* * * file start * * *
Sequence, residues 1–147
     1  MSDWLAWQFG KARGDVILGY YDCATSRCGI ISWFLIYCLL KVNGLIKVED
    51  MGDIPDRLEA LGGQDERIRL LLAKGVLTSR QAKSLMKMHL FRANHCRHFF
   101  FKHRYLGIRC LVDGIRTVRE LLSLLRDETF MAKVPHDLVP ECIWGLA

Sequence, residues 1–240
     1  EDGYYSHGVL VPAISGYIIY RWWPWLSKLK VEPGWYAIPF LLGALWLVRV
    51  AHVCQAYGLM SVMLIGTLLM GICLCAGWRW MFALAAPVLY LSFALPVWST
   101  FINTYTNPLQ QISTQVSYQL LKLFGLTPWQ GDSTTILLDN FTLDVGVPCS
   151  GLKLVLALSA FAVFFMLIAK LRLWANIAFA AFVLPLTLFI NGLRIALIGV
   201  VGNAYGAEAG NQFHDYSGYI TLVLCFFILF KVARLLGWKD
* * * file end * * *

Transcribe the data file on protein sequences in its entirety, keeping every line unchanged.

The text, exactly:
Sequence, residues 1–147
     1  MSDWLAWQFG KARGDVILGY YDCATSRCGI ISWFLIYCLL KVNGLIKVED
    51  MGDIPDRLEA LGGQDERIRL LLAKGVLTSR QAKSLMKMHL FRANHCRHFF
   101  FKHRYLGIRC LVDGIRTVRE LLSLLRDETF MAKVPHDLVP ECIWGLA

Sequence, residues 1–240
     1  EDGYYSHGVL VPAISGYIIY RWWPWLSKLK VEPGWYAIPF LLGALWLVRV
    51  AHVCQAYGLM SVMLIGTLLM GICLCAGWRW MFALAAPVLY LSFALPVWST
   101  FINTYTNPLQ QISTQVSYQL LKLFGLTPWQ GDSTTILLDN FTLDVGVPCS
   151  GLKLVLALSA FAVFFMLIAK LRLWANIAFA AFVLPLTLFI NGLRIALIGV
   201  VGNAYGAEAG NQFHDYSGYI TLVLCFFILF KVARLLGWKD